The ‘find my hearing aids’ program ensures that your hearing aids will not get misplaced, and helps you to find them with an indicator on the app telling you how far away they are.
One of the most significant features of the Halo range is the ability to stream the sound from your iPhone, iPad and iPod directly to your hearing aids, without the need for additional hardware such as Bluetooth loops. This means that you can take calls using voice or facetime on your iPhone by tapping the touch screen and the caller’s voice will be streamed directly to your hearing aids. You can stream your favourite music or the radio to your hearing aids, without needing a different set of headphones. You can stream films and video from your iPad as well as join in with Skype calls or online hangouts. It is quick and easy to switch from sound streaming to normal hearing programs using the Trulink app.
You can also turn your iPhone into a microphone to listen to a speaker or a group of people at a meeting or restaurant. Simply turn on the microphone and set the phone to sound streaming. The sound from the microphone will be sent straight to your hearing aids like a phone call whilst cutting out the background noise. You can also record meetings and conversations to play back later.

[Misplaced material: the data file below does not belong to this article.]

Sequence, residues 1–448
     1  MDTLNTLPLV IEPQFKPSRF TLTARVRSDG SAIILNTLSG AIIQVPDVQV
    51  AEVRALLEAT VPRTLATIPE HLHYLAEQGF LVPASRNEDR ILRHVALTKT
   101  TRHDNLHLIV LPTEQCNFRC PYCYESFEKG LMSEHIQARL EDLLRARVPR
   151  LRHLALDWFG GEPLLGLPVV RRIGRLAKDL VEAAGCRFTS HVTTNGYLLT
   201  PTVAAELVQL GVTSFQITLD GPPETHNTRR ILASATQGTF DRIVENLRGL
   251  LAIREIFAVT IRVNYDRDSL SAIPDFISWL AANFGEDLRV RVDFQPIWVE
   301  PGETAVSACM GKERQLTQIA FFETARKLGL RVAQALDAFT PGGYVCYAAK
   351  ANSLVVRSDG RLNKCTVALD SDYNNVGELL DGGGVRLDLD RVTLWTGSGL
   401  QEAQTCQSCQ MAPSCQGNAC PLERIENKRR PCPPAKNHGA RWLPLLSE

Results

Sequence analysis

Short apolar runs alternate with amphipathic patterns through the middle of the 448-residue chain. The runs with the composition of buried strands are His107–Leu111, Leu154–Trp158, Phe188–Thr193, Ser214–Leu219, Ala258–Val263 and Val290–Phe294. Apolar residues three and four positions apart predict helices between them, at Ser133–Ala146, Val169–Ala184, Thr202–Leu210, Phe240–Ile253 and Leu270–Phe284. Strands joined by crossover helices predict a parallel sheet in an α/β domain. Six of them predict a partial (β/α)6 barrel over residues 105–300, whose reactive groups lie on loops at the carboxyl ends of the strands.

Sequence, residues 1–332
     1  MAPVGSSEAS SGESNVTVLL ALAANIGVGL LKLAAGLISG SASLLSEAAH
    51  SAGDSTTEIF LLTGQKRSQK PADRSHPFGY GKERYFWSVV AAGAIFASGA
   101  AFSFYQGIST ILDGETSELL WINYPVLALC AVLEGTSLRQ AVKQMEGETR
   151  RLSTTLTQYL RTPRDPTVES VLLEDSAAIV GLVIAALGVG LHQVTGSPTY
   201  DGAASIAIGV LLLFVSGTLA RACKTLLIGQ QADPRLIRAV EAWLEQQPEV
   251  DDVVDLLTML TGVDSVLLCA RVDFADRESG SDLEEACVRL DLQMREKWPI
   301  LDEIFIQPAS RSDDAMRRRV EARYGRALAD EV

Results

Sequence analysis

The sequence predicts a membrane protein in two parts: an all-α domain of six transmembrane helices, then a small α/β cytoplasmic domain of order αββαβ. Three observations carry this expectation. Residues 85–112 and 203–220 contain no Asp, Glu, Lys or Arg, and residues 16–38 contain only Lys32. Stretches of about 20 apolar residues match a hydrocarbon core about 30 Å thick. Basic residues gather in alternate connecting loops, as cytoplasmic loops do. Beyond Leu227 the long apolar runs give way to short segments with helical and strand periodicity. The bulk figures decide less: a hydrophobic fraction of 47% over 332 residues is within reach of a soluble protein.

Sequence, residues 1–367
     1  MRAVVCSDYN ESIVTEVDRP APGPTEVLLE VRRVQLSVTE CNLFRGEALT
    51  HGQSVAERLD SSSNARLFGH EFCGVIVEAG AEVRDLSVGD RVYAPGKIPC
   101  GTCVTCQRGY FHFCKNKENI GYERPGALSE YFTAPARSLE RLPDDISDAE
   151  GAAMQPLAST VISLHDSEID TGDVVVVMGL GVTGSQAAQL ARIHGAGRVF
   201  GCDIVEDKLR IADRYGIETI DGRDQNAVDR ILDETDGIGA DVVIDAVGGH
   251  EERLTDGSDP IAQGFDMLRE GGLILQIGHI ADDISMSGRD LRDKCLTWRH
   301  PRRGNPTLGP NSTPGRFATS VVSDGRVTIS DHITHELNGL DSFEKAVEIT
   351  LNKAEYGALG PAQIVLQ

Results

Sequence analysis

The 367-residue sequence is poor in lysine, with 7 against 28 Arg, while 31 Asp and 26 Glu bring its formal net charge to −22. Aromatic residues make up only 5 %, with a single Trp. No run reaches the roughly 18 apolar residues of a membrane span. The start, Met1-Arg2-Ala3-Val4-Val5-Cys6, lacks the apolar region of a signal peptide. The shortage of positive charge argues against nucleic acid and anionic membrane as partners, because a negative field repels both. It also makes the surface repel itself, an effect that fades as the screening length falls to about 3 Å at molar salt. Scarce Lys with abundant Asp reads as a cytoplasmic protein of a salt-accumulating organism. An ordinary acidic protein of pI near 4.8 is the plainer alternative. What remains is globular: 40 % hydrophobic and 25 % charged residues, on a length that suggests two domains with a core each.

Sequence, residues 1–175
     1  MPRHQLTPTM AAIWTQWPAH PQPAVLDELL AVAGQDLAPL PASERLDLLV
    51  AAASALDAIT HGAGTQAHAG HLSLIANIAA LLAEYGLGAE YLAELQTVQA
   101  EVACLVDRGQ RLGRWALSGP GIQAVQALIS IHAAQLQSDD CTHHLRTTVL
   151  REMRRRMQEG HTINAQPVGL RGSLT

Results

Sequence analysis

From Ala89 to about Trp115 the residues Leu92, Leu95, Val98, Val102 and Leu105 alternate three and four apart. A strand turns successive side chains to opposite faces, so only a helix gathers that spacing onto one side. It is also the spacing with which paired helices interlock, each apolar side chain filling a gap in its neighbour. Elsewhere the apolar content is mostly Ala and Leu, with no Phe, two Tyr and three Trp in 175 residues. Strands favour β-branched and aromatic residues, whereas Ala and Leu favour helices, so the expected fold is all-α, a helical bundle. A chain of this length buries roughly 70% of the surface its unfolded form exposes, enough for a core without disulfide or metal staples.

The Halo i110 is currently available in a RITE (Receiver In The Ear) model with small and discrete casing which is available in a variety of neutral colour options. This makes it easy to either hide your hearing aid or show it off as a stylish accessory, depending on your personal preference.